Answer. This time it has to do with the large fiscal stimulus of 1.9 trillion dollars in the United States, which is almost 9% of its gross domestic product (GDP), on an already large deficit. That is what you have with the doubt of the markets, how much is this spending on public finances going to translate into inflationary pressures? This is what we are seeing, the pressure on rates in the US that is reflecting that the recovery at the global level is going to be markedly heterogeneous. There are two engines of support for recovery: one has to do with the dynamics of the pandemic and progress in vaccination processes, and the other with spending incentives. In both, the United States has important progress and good prospects. These are two elements that are giving rise to this adjustment with this pressure on interest rates among emerging economies and also, even, to portfolio adjustments that are giving rise to depreciation of the currencies of emerging economies. The challenge for the Mexican economy has two components. The expansion in the United States and this improvement in its growth prospects has a positive effect on economic activity, on the increase in exports, even on the income of compatriots in that country who send remittances. On the other hand, there is the financial challenge, which has to do with achieving an orderly adjustment in national markets. We have been seeing some adjustment in medium and long-term rates in Mexico and also some volatility in the exchange rate. As long as we have a solid macro framework, both with stable public finances, with low and stable inflation, and with a solid financial system, we can avoid a disorderly adjustment due to this situation.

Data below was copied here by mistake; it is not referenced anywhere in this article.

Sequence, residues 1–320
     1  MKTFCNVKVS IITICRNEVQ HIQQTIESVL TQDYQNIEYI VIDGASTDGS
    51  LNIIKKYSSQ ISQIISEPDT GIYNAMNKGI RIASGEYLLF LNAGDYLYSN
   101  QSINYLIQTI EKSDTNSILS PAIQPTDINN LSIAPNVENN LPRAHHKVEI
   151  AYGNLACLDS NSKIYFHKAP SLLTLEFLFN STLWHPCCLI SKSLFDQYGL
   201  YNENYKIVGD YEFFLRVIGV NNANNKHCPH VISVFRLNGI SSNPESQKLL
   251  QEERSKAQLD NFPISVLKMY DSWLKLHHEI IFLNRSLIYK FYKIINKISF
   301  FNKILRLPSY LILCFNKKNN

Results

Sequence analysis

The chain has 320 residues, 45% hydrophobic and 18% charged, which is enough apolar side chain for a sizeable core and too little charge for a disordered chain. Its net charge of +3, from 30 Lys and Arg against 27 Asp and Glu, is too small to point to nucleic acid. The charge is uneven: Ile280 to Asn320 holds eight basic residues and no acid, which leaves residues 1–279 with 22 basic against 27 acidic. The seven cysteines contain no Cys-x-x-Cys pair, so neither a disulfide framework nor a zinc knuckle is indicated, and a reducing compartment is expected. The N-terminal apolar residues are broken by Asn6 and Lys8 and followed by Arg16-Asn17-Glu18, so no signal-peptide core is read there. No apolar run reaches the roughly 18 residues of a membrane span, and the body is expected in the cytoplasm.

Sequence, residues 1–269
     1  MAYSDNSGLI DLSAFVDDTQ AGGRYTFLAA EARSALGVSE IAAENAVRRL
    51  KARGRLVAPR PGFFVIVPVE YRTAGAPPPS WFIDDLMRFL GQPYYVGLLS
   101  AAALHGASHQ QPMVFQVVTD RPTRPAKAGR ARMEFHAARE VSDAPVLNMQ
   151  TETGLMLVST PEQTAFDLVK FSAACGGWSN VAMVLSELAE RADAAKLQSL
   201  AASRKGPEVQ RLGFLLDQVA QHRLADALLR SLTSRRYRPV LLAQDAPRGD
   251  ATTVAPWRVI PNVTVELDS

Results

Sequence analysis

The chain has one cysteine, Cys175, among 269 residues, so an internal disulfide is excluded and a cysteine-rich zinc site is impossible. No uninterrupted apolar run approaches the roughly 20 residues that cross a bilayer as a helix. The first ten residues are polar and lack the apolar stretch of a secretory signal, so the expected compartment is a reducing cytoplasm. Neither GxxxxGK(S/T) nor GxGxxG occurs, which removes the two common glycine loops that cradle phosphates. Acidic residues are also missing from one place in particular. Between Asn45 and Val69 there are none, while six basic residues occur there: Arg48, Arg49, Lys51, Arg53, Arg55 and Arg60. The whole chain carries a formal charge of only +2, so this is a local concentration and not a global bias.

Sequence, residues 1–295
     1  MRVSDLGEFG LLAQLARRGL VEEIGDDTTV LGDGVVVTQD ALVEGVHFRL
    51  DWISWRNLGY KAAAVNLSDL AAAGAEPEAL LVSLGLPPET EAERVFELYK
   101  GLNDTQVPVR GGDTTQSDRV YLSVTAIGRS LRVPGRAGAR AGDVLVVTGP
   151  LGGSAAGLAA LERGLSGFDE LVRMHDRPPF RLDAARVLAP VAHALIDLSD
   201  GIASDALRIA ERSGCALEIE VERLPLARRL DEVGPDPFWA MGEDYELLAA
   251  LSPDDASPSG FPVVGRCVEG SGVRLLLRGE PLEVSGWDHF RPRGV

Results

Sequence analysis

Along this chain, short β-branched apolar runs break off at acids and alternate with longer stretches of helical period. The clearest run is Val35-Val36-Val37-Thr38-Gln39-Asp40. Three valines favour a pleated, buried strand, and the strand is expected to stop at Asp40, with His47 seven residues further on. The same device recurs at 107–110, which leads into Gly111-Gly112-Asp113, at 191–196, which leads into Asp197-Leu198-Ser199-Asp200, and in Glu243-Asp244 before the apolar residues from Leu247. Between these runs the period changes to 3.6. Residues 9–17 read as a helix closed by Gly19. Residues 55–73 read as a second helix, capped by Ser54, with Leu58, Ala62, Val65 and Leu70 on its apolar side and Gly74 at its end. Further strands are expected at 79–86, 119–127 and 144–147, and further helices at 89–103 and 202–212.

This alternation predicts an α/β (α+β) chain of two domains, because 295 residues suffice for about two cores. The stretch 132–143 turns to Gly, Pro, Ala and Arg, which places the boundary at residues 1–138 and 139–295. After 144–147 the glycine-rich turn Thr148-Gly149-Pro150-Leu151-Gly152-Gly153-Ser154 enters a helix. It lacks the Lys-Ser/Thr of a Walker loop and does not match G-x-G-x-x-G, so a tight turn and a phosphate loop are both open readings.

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P. Mexico has lost 350,000 million pesos of foreign capital since the pandemic began. We also know that JP Morgan is closing its private banking operations. Are we seeing a capital flight?